If you go through the “How To Start & Grow A Hyper-Profitable Online Store” webinar and still have questions just contact me and I will help you out

  • Heather Hartline says:

    When setting up a drop ship store…you need to do the Fed ID#, State Tax ID#(if required) and business license for the state you are doing business. Correct. Just like if I were trying to set up a brick and mortar store.

    • Anton Kraly says:

      Hi Heather,

      We cover these topics and more in Module 0 of the Drop Ship Blueprint 🙂

  • Patrick Carleton says:

    ‘Everything i dead’ – people will tell you that because they failed or don’t want you to succeed and/or become competition. I hear this all the time for all models, print on demand, dropshipping, Amazon FBA, the list goes on.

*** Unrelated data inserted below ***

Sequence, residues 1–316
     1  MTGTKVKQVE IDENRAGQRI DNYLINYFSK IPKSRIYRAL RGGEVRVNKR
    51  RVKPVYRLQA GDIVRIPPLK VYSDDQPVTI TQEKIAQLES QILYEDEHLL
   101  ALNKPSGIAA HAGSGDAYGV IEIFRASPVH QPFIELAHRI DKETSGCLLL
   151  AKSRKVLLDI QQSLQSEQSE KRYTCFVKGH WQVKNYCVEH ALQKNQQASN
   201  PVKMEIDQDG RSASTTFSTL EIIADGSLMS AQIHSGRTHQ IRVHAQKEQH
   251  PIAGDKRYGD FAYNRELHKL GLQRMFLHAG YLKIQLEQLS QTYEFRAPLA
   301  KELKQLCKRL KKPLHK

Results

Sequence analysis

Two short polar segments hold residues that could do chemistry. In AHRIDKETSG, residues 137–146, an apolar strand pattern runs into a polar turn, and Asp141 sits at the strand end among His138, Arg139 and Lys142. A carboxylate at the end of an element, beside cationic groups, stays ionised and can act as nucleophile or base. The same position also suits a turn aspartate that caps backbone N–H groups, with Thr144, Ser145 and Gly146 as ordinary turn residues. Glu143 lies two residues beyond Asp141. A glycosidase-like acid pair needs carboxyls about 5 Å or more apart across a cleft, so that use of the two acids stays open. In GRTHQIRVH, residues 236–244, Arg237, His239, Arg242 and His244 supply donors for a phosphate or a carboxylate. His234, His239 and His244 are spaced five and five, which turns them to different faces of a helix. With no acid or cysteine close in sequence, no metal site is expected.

Stop listening to the noise and do your thing. Take it seriously, invest and then see the results.

    I do Print on Demand via Printful and dropshipping thru an Ecwid store (Basically Shopify, but for one reason or another I prefer Ecwid).

    I do get challenged with finding suppliers and wholesale pricing. I primarily use Aliexpress (ship from USA) as my main source. I know I can do much better than that, just need to do some more digging.

  • Ester shikongo says:

    Wow! This is very nice and I’m very interested .

    • Anton Kraly says:

      Awesome! Hoping to work together soon, Ester 🙂

  • eduardo tavares says:

    How will I compete with brands of products that sell directly to the consumer?

  • Evina Yosiardi says: